11/13/01

Hello Group - I though that I'd "weigh in" on two points that were brought out here.  BTW - I am very happy to see some "considering" and "pondering" going on here ... it is important for everyone's learning to gather different viewpoints on specific issues.

For the first point, "brittle bolt breaking", as noted in David's first paragraph;  This IS a concern when the bolt is "pushed to it's limits".  Based on my previously noted calculations, we are at, or above, the yield limits for the current TAB.  The inevitable result is
bending to the point of yielding, fatigue damage, and ultimately, fracture due to fatigue cracking.  I also noted that the stresses are at about 1/2 the limit of my bolts.  You can't generate enough load in the system to reach the limit of 200 KSI yield strength in the Inconel material that I have selected.  The entire rear suspension (rubber bushings, washers, trailing arm assembly) will fail long before my bolts are stressed even close to their capability.

The second point that David brings up is the retorqueing issue for bolts.  He is absolutely correct in that, "When using bolts and nuts close to their yield point ...", retorqueing can result in stretching and yielding.  This allows joint loosening, which requires that you continue to retorque - until the bolt fails in tension.  As noted above, the current TAB is near it's yield stress point just from the
installation torque.  This is before any loads are applied to it from driving.  When my bolts are torqued, the stresses are far below the "elastic limit" (sorry for getting technical again!), and there will be no permanent (called plastic) stretching of the material.  The Inconel bolts can be torqued an infinite number of times, barring any damage to the threads, and never suffer from "plastic deformation".  Okay ... I'm done for now.  Thanks for your patience with me.
 

BTW - I have received indications of interest for 31 sets of bolts so far.  I will keep the list posted (so to speak) on whether this project will be economically feasible for myself and Specialty Automotive (www.delorean-parts.com), based on being able to move the majority of the first batch of 100 sets that I have discussed with the manufacturer.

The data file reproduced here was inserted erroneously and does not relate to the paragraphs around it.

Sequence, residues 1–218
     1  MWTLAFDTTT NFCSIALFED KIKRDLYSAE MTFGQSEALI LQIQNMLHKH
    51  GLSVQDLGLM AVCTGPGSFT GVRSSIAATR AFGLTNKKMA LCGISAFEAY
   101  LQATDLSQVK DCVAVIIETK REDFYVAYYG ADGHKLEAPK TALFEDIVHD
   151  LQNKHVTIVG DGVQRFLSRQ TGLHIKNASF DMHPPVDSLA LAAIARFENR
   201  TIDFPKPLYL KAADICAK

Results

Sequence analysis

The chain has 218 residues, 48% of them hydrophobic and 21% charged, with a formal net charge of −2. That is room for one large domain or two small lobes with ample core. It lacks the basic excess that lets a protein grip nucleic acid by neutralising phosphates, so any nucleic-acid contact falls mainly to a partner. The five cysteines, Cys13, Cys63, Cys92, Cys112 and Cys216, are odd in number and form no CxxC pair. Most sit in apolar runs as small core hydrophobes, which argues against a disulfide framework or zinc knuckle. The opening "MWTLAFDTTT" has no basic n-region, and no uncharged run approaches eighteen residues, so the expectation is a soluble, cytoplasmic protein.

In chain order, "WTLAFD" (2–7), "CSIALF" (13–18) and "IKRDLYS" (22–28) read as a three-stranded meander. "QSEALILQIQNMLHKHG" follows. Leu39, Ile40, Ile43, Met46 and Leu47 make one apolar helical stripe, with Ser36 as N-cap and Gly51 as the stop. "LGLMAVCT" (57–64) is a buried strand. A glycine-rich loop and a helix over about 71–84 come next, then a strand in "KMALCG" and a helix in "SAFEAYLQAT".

Thank you, David, for your sound advice below on proper maintenance procedures that all should follow on every car.  When in doubt, read the instructions!  


--- David Teitelbaum.. wrote:

BTW the workshop manual calls for 55 ft/lbs see K:08:02-K:09:01. In some cases torque values are not created so much for the fastener as for the components you are trying to fasten together. I think in this case the limiting factor is the metal spacer tube in the pivot bushing. In most cases unless specifically called out torque values are for CLEAN, DRY threads. When using bolts and nuts close to their yield point or a critical fastener it is never a good idea to reuse (retorque) more than a minimum # of times. Every time you torque a bolt and nut you stretch them a little. After too many cycles you will just pull it apart or rip the threads out of the nut. On many of the newer cars where many bolts and nuts are tightened to high levels the manuals warn you not to reuse the fastener. (Another reason to refer to the manual for the specific car you work on!) BTW how often have you ever seen mechanics use a CALIBRATED (in the last 10 years at least) torque wrench on suspension fasteners outside of wheel lugs! There is much more variation in torque then you think!
David Teitelbaum
 vin 10757